The promotion of the green energy industry is central to the Recovery Act and the Obama administration's broader economic recovery program, but it is unlikely to grow the economy or create enough jobs. It reflects an ambition to transform the economy into a green energy leader of the 21st century and tackle climate change. But, these investments are a questionable short- or medium-term generator of growth and jobs. When considering future public investments, the administration would be wise to focus on the backlog of other infrastructure projects that are more reliable drivers of the recovery. Green energy, while important to the economy and environment in the long-run, cannot be relied on now.
Here is why: Green energy projects in the United States are unusually slow to roll out because the industry is small and rife with political and market uncertainty. The Obama administration dedicated $90 billion, or 30% of the investments made in the Recovery Act, to building a clean energy industry. $26 billion of this was allocated to renewable energy like solar, wind and biomass. But investors are cautious to meet government commitments because of the uncertainty over future public support like research funding, demand subsidies, and tax breaks. Many green energy companies are also reluctant to invest because of market uncertainty over long-run demand for renewable energy. Ironically, by pinning its hope on a green recovery and devoting so much of the stimulus package to renewable energy, the Obama Administration may have jeopardized subsidies and created additional uncertainty in the future. These uncertainties have made renewable energy projects slow to roll out. The Department of Energy, responsible for doling out $35 billion of the stimulus for clean energy projects, has only paid out 15.5% of its funds, far below other major government agencies (see chart 1). The Council of Economic Advisors (CEA) estimates that of the $94.8 billion appropriated for clean energy only $19.9 billion have been outlaid. The amount that companies have actually spent is probably far less.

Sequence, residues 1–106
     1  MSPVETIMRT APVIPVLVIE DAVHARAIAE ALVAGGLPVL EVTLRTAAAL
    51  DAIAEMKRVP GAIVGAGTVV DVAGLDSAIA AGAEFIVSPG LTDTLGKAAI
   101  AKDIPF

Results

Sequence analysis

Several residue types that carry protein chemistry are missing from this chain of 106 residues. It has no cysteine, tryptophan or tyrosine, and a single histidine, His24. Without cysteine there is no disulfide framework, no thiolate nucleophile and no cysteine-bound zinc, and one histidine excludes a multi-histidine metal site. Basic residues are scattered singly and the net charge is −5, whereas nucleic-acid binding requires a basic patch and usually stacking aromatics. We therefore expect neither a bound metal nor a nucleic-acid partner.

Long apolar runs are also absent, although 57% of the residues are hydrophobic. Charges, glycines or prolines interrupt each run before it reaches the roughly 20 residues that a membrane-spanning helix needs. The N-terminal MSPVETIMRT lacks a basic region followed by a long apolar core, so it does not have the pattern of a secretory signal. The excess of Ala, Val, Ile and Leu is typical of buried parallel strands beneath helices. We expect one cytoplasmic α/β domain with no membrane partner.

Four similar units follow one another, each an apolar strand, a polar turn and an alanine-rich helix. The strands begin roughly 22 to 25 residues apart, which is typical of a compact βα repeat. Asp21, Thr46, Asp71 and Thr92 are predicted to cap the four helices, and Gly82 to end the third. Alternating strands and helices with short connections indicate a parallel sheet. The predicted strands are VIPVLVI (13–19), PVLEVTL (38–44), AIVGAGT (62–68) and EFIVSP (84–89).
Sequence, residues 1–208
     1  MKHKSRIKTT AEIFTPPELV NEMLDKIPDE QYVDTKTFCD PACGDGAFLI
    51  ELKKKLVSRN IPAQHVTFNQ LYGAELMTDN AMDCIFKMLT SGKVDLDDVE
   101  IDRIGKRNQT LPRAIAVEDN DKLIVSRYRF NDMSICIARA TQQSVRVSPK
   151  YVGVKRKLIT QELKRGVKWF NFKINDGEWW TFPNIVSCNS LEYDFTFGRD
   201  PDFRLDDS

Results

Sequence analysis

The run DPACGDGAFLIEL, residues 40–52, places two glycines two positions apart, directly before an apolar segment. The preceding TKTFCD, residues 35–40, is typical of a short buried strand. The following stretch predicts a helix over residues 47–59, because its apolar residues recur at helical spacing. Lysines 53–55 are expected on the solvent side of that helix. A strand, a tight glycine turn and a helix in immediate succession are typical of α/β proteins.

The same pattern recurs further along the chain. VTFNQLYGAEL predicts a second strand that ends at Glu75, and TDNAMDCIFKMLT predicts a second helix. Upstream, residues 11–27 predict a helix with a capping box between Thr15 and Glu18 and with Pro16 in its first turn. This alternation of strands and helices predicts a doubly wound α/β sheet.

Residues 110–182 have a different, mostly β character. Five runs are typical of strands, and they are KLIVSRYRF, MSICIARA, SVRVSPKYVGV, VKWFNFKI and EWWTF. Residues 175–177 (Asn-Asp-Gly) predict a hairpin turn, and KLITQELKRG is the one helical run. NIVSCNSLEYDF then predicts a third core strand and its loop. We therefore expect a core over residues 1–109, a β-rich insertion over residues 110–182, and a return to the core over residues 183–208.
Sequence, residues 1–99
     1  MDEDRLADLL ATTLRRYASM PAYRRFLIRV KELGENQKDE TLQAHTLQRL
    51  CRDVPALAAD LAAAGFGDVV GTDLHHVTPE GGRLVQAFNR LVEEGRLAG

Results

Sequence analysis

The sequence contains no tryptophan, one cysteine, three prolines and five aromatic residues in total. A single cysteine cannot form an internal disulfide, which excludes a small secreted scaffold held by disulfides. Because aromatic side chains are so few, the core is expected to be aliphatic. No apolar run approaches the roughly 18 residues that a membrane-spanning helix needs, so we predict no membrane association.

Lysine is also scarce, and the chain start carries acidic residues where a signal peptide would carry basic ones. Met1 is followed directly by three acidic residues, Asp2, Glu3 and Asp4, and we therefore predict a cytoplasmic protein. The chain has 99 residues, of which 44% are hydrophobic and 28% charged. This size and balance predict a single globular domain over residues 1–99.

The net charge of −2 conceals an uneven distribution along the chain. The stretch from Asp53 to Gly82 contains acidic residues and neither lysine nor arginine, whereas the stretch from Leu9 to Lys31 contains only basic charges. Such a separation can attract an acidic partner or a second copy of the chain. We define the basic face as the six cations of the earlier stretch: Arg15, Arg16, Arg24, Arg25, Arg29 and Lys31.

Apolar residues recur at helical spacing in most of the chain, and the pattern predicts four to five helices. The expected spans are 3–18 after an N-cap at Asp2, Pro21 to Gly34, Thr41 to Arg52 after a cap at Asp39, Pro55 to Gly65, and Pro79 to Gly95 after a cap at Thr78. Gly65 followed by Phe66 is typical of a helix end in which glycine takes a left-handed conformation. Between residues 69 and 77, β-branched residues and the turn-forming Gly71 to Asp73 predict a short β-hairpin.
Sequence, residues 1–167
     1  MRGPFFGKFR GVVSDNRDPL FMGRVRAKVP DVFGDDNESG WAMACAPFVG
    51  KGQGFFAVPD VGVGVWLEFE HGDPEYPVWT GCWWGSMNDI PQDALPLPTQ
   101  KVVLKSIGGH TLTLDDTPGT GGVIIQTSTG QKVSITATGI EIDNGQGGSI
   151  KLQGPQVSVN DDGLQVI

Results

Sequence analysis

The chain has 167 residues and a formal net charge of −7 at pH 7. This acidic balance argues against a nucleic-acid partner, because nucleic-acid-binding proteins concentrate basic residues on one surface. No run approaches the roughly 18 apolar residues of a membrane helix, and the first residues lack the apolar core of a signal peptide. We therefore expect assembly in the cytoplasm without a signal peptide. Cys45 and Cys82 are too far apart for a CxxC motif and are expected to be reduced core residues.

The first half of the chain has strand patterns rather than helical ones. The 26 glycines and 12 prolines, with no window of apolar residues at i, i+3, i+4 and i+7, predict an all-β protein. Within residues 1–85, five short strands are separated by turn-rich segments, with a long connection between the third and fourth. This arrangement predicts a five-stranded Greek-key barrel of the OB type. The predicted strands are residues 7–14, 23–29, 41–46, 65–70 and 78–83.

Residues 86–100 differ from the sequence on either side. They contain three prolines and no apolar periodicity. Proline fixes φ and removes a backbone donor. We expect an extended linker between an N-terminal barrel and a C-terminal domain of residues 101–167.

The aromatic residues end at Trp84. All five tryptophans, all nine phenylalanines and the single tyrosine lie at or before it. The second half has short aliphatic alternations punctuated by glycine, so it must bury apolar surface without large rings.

Of the funding that has gone to renewable energy projects, a significant amount has leaked to more competitive foreign firms. Matt Rogers, senior advisor to the Energy Secretary Steven Chu, said that 80% of $2.3 billion in renewable energy manufacturing tax credits was probably granted to foreign firms, but insisted that these firms were growing jobs in America. However, absent a strong "Buy Domestic" provision tied to clean energy investments, it is impossible to guarantee that clean energy stimulus is not leaked abroad. American clean energy companies are simply not competitive against companies that have been nurtured in heavily subsidized foreign countries for years. Recently, Rutgers University, a public university in New Jersey, installed a major solar power project built by Yingli Green Energy Holding Co., China’s second-largest solar-panel maker. If we continue to invest in clean energy, without a requirement that products be domestically sourced, we have to recognize that we are funding job creation programs in Germany, Spain, Japan and China.